Art has always been an important part of my life; I just didn’t always realize it. I grew up on a farm in northern Minnesota and in my small community there wasn’t much of an opportunity to experience “Art.” I knew that new crayons and building things in my father’s workshop spoke to my heart. Even without much direction regarding a career, I eventually became an art teacher. Whether it was working with fresh young kindergarten students or college art majors exploring new techniques, I was aware of how they shared their stories through their work and seemed to create with such a passion.
One day, in 1996, my life journey took an unexpected turn when I was diagnosed with breast cancer. As this new path unfolded, I became overwhelmed by the process in which I was involved. My cancer was significant enough for a mastectomy, chemotherapy and radiation, just for starters. It hit me as I was returning home from a hospital appointment one day early on in my treatment that I was going to need to do something to help me deal with the fear, anger and all the physical weariness of this whole experience.
I thought back to the creative energy of my art students and I knew that this same act of creating could be just the kind of healing experience that would help me during this difficult time in my life.
I rummaged around my house and found, in my box of treasures, the little bed sheet that had been used on our daughter’s crib many years ago. I assembled all the materials for a batik: wax, a crock pot, dye and tubs for dipping the fabric into the dye. Plans began to come together as I was gathering my supplies. That little crib sheet was already special to me but it took on new meaning through this creative process. Even now, this piece of work continues to be one of my most meaningful treasures. Sharing the experiences of this time with our daughter was such a support for me and through this project I not only had her ongoing encouragement but now there was the physical ‘memory’ to keep as well.
My creative adventures continued over the next months. I made my own journals. I continued working with fabric in a variety of ways. I painted and created collages. You name it, and I did it. I turned to art for myself during a time when my mind and heart were racing off in so many different directions, often in danger of spinning out of control. Creating in all these various ways brought an element of peace to the chaos of cancer.
My treatments finally ended and here I am, still healthy fifteen years later. I know that the doctors who treated me and the treatments themselves are likely the main reason why I am healthy today. But they are not the only reason! Becoming so involved in these creative projects became just as important to my recovery as the chemicals that dripped into my arm or the radiation that zapped those cancer cells. Art became a balancing factor to my hospital visits. It helped me deal with my fear and it taught me how to manage my frustration. Creating quieted my soul during those troubled months. It helped me to be truly in touch with my healing process.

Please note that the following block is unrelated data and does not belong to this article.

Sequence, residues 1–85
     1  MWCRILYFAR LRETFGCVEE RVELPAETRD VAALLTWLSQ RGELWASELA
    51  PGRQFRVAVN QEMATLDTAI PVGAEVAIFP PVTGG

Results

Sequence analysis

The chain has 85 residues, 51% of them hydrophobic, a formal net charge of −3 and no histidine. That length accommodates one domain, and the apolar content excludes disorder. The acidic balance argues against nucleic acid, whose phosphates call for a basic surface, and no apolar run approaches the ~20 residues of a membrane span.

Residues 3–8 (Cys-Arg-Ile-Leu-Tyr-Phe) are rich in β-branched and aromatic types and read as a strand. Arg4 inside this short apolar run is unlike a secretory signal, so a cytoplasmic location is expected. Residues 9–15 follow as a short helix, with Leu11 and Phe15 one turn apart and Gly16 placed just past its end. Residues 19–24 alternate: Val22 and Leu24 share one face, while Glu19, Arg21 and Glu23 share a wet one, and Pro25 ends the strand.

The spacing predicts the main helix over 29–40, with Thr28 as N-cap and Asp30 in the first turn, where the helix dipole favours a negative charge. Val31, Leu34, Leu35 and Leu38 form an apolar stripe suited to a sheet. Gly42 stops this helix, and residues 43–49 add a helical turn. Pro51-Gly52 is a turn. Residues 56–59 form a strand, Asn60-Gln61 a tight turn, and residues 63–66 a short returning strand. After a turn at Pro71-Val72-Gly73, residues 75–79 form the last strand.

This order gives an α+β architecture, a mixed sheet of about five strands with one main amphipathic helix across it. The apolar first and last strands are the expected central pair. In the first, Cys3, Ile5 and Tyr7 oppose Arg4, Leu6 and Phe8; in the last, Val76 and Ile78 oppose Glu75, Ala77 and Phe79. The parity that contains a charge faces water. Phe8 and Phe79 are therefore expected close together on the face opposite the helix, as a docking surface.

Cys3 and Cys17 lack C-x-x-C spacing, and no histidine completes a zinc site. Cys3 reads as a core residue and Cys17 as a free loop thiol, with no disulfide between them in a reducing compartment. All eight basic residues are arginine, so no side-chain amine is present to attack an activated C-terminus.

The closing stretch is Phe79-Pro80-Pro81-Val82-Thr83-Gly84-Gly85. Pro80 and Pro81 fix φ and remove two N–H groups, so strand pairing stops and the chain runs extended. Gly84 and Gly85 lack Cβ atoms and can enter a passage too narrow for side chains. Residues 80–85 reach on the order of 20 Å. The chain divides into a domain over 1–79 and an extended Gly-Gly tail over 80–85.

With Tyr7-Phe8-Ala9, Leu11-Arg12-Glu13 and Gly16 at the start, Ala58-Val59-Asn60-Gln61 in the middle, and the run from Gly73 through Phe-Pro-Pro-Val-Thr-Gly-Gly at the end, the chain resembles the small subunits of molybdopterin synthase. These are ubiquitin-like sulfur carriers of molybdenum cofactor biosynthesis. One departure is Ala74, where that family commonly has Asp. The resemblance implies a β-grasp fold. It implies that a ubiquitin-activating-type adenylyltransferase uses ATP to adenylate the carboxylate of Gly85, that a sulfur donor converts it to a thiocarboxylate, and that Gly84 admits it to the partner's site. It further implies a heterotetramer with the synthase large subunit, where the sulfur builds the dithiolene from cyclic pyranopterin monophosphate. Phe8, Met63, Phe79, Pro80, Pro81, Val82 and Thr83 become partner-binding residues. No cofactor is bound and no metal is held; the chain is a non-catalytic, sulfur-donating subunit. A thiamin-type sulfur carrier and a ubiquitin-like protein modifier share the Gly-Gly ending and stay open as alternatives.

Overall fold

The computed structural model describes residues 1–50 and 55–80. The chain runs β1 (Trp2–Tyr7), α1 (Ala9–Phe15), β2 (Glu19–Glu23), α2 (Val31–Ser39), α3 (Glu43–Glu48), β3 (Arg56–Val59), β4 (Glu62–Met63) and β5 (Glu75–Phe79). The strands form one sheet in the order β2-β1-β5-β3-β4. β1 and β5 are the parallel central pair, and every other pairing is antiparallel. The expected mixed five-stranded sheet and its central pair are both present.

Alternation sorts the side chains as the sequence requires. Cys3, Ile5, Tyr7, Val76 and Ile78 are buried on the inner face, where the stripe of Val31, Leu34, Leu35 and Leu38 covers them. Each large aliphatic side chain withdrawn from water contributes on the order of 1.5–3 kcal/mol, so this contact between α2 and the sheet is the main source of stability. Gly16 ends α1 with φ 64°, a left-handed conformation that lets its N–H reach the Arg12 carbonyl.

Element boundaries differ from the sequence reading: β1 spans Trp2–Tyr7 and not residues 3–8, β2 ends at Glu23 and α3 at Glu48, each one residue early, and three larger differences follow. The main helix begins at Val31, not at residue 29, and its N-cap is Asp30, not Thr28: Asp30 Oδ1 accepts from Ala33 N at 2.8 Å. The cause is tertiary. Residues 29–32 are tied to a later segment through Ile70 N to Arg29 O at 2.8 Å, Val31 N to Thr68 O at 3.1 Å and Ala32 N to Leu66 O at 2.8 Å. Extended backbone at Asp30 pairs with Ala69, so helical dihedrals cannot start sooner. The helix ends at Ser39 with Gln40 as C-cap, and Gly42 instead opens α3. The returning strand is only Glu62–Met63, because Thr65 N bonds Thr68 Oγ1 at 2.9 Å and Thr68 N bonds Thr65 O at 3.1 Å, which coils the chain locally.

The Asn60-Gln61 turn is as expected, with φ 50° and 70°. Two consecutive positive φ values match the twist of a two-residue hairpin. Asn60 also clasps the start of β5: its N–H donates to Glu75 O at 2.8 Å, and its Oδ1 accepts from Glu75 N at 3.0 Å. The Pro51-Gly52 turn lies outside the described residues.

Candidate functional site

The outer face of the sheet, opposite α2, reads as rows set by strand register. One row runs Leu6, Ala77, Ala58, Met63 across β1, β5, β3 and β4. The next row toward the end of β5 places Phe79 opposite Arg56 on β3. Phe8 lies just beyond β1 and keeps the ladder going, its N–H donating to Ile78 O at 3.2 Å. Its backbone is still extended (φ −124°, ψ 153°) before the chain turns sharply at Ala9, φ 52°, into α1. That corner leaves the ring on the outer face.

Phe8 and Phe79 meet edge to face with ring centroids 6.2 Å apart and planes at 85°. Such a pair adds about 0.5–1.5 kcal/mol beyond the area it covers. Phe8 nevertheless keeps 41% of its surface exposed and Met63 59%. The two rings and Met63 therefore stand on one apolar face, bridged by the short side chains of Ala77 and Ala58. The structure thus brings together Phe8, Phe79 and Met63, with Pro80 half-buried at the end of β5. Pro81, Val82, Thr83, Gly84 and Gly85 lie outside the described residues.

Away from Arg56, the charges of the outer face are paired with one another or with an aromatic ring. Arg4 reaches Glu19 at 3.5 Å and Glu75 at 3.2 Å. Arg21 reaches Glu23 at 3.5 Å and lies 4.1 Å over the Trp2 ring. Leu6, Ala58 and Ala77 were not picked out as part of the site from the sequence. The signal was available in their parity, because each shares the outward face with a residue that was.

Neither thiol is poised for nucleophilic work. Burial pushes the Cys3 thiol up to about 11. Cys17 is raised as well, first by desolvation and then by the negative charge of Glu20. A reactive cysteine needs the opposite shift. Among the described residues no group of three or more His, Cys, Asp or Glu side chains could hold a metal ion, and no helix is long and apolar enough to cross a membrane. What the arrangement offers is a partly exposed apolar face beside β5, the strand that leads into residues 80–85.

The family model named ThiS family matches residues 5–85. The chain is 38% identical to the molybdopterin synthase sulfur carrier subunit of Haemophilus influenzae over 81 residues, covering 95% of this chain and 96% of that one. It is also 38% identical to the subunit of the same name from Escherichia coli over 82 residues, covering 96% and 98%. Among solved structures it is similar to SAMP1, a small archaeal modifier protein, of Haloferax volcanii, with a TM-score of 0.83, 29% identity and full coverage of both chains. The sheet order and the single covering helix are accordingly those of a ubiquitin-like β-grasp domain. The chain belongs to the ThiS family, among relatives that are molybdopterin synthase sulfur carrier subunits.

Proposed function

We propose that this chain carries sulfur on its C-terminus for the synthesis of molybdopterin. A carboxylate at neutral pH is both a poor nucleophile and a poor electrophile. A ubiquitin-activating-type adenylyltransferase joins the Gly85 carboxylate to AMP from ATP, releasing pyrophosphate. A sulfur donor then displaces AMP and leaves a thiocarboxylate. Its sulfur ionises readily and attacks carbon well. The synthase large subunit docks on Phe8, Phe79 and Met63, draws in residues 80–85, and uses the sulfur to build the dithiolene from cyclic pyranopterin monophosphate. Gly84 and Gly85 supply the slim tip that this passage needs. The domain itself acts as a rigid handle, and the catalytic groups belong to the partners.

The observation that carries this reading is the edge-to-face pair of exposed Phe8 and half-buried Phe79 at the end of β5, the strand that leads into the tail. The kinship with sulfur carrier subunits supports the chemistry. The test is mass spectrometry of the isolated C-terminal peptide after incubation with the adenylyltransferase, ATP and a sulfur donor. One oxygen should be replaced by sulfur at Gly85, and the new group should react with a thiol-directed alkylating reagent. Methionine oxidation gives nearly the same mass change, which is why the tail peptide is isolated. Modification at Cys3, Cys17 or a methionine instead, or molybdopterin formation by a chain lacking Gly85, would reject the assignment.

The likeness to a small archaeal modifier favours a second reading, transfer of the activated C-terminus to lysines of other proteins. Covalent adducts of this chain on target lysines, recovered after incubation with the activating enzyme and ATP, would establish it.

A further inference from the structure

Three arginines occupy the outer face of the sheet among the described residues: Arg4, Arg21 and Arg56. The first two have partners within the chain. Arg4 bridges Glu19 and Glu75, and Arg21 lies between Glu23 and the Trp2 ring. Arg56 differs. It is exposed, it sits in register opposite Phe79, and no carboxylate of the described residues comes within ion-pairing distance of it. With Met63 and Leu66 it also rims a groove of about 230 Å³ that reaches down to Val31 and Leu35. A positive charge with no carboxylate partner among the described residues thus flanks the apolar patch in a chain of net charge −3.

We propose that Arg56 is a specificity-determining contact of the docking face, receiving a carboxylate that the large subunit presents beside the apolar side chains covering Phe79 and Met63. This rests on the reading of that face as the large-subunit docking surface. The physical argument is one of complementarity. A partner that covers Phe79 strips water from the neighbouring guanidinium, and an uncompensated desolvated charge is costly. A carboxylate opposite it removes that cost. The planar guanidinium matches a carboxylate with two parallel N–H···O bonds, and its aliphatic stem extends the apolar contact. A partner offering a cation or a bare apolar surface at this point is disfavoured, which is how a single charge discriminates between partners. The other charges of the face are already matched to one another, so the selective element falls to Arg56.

Creating doesn’t make an illness necessarily easier, but I think it provides that inner strength that makes all the necessary steps more manageable and might help to assist the patient in becoming just a bit stronger and less fearful. I don’t know that I would have discovered the power of art had I not been an art educator, so maybe I was being led to ‘art to heal’ long before I knew what would transpire on my life journey. I truly believe that art has saved my life numerous times. I write a great deal, which is a ‘creative process,’ and keeping a journal can be an amazing healing tool. If people understand this process, it might do the same for them as it did for me. Maybe that is why I want to share the power of creative healing with others who may not be as familiar with the arts. I tried many things simply because I was an art educator and was familiar with a variety of techniques, but that is not so important. There are many ways in which we can be creative, and survivors need to be able to choose what feels best for them. Maybe their unique creative experience could be doing something in their community, working with others, sharing a special meal with friends, or visiting a place that seems to fill their soul.
Today I am blessed to be able to share my experiences with others, both those who care for cancer patients as well as patients themselves. I recently published a book entitled God Blessed Them for the Journey, in which I guide the reader (who may be dealing with challenging experiences) by sharing my stories, and adding suggestions for journal writing and exploring creative ideas. I show them how to engage in creative experiences that they can use in conjunction with their faith journey and the challenge they are experiencing. I speak regularly to women’s groups, support groups, and book clubs about the creative process. I have also addressed physicians and other medical staff who work with cancer patients to teach them about this other part of the healing process. Not only am I blessed with good health at this point in my life, but I am also blessed in knowing that others are exploring the creative process as they deal with difficult times in their own lives.
I believe it was Bernie Seigel, MD who wrote “Had I only know the power in a box of crayons….” For me, that box of crayons can still quiet my heart!
By Corrine Lund